# Quadratic function:convert to standard form?

• September 1st 2012, 12:03 PM
Husky93
Hi guys, i need help with these questions, i have attempted the questions myself and just wanted to double check my answers.
convert to standard form
1. y = –3x2 + 2x + 1 ( the answer i got is Y=-3(x+1/3)^2 -2/3) is this correct?
2.
y = 4(x + 5)(x – 2) ( i can't figure how to solve this one)
3. Y= -1/2 x^2 ( the answer i got is Y= 2(1-3)+2
can someone please chck my answers and correct me i was wrong.
• September 1st 2012, 01:14 PM
MaxJasper
Re: Quadratic function:convert to standard form?
I suspect standard form means f(x)=a*x^2 + b*x +c
• September 1st 2012, 03:47 PM
Soroban
Re: Quadratic function:convert to standard form?
Hello, Husky93!

This is not Standard Form.

You want the "Vertex Form": . $y \:=\:a(x-h)^2 + k$
. . where the vertex is $(h,k).$

Quote:

Convert to Vertex Form.

$(1)\;y \:=\:–3x^2 + 2x + 1$

$y \;=\;-3\left(x^2 - \tfrac{2}{3}x - \tfrac{1}{3}\right)$

$y \;=\;-3\left(x^2 - \tfrac{2}{3}x \:{\color{red}+\: \tfrac{1}{9}} - \tfrac{1}{3} \:{\color{red}-\: \tfrac{1}{9}}\right)$

$y \;=\;-3\left(\left[x - \tfrac{1}{3}\right]^2 - \tfrac{4}{9}\right)$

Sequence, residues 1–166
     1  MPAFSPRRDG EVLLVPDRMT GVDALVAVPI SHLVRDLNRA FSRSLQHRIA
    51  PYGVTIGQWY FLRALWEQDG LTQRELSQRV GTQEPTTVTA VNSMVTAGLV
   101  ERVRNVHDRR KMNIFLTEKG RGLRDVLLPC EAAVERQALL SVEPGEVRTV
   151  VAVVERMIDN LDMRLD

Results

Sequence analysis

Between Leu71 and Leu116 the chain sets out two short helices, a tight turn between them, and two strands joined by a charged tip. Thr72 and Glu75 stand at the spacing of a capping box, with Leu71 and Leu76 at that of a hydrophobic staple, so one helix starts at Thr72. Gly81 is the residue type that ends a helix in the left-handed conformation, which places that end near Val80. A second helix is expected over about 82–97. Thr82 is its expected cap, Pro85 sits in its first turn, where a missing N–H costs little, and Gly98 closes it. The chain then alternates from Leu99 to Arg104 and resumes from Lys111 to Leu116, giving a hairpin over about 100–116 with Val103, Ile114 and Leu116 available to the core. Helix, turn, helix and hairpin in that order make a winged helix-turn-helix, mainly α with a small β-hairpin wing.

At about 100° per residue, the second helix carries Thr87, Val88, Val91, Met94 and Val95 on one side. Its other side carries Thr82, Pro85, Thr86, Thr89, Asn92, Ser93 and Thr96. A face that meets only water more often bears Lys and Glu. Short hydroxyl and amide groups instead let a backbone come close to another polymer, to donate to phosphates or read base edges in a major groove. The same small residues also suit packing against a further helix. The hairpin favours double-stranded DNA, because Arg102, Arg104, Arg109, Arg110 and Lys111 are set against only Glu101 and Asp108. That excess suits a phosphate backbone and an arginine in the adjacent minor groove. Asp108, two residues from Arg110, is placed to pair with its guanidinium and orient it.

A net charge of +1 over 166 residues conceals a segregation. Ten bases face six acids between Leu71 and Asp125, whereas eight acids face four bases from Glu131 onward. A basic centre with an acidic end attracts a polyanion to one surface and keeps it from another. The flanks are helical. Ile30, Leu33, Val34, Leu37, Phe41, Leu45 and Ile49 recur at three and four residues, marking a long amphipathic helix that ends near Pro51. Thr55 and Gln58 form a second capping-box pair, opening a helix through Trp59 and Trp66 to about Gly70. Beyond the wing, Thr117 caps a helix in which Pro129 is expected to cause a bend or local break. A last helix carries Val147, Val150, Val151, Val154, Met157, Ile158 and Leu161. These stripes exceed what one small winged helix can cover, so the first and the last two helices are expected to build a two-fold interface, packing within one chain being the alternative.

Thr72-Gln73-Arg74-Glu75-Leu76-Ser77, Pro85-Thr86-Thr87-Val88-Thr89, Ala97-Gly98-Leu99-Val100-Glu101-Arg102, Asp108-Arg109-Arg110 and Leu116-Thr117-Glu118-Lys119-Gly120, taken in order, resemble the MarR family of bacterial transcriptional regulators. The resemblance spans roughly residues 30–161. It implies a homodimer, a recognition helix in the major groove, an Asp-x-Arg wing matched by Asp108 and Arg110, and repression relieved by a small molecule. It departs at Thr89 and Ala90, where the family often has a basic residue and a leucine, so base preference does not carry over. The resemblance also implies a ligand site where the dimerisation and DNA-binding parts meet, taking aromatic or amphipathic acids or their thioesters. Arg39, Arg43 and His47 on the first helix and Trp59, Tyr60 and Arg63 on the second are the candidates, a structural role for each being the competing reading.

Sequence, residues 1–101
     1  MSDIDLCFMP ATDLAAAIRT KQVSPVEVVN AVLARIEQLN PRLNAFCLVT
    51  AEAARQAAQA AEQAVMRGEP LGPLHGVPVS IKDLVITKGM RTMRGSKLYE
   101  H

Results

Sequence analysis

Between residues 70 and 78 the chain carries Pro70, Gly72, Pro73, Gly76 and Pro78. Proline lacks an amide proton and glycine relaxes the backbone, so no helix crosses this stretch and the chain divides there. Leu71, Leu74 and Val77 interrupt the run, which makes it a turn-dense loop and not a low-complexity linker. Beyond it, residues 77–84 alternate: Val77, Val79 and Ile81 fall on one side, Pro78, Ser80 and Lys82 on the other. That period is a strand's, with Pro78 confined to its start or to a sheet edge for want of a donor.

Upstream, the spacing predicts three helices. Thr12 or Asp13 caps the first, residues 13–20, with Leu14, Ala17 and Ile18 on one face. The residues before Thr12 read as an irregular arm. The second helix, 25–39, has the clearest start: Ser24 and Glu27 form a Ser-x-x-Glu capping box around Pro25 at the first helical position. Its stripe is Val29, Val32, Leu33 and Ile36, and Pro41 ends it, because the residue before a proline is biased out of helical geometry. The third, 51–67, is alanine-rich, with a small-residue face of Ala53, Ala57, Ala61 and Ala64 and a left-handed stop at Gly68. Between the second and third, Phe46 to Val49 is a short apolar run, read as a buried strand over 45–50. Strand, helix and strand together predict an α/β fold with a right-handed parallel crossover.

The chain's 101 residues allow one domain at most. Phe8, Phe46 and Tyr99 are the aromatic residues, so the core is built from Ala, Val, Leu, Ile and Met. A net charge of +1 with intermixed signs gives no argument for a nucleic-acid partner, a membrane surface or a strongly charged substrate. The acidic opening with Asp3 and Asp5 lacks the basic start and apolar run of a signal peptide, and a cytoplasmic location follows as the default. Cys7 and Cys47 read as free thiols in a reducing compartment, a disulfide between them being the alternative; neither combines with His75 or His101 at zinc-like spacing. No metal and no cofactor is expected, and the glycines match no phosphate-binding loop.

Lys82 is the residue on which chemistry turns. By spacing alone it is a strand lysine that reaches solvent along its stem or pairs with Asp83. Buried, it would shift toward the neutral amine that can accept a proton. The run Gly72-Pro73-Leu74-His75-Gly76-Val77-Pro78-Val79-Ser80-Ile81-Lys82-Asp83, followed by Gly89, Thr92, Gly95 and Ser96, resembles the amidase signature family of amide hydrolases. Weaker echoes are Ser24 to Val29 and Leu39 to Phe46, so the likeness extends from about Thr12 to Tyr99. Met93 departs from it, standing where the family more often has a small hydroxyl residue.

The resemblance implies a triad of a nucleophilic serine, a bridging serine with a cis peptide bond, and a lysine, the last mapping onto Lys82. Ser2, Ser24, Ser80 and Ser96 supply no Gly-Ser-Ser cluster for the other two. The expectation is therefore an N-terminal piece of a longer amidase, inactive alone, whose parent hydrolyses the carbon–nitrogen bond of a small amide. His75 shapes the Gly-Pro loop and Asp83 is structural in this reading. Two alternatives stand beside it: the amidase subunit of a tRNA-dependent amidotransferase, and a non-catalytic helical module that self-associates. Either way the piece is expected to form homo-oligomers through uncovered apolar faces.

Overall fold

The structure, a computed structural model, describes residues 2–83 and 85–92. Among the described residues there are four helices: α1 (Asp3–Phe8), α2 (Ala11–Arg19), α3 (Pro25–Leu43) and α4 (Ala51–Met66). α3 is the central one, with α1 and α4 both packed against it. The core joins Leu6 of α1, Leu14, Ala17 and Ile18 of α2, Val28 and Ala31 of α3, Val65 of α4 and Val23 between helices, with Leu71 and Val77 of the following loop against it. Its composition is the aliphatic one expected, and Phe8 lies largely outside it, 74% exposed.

$y \;=\;-3\left(x-\tfrac{1}{3}\right)^2 + \tfrac{4}{3}$

$\text{Vertex: }\: \left(\tfrac{1}{3},\:\tfrac{4}{3}\right)$

Quote:

$(2)\;y \:=\: 4(x + 5)(x – 2)$

$y \;=\;4(x^2 + 3x - 10)$

$y \;=\;4\left(x^2 + 3x\:{\color{red}+\:\tfrac{9}{4}} - 10\:{\color{red}-\:\tfrac{9}{4}}\right)$

$y \;=\;4\left(\left[x+\tfrac{3}{2}\right]^2 - \tfrac{49}{4}\right)$

$y \;=\; 4\left(x + \tfrac{3}{2}\right)^2 - 49$

$\text{Vertex: }\:\left(\text{-}\tfrac{3}{2},\:\text{-}49\right)$

Quote:

$(3)\; y\:=\: -\tfrac{1}{2}x^2$

This is already in vertex form: . $y \;=\;-\tfrac{1}{2}(x - 0)^2 + 0$

$\text{Vertex: }\:(0,\,0)$
• September 1st 2012, 08:29 PM
Prove It
Re: Quadratic function:convert to standard form?
Quote:

Originally Posted by Soroban
Hello, Husky93!

This is not Standard Form.

You want the "Vertex Form": . $y \:=\:a(x-h)^2 + k$
. . where the vertex is $(h,k).$

$y \;=\;-3\left(x^2 - \tfrac{2}{3}x - \tfrac{1}{3}\right)$

$y \;=\;-3\left(x^2 - \tfrac{2}{3}x \:{\color{red}+\: \tfrac{1}{9}} - \tfrac{1}{3} \:{\color{red}-\: \tfrac{1}{9}}\right)$

$y \;=\;-3\left(\left[x - \tfrac{1}{3}\right]^2 - \tfrac{4}{9}\right)$

$y \;=\;-3\left(x-\tfrac{1}{3}\right)^2 + \tfrac{4}{3}$

$\text{Vertex: }\: \left(\tfrac{1}{3},\:\tfrac{4}{3}\right)$

$y \;=\;4(x^2 + 3x - 10)$

$y \;=\;4\left(x^2 + 3x\:{\color{red}+\:\tfrac{9}{4}} - 10\:{\color{red}-\:\tfrac{9}{4}}\right)$

$y \;=\;4\left(\left[x+\tfrac{3}{2}\right]^2 - \tfrac{49}{4}\right)$

$y \;=\; 4\left(x + \tfrac{3}{2}\right)^2 - 49$

$\text{Vertex: }\:\left(\text{-}\tfrac{3}{2},\:\text{-}49\right)$

This is already in vertex form: . $y \;=\;-\tfrac{1}{2}(x - 0)^2 + 0$

$\text{Vertex: }\:(0,\,0)$

The turning point form IS often referred as the Standard form, because it gives the most information.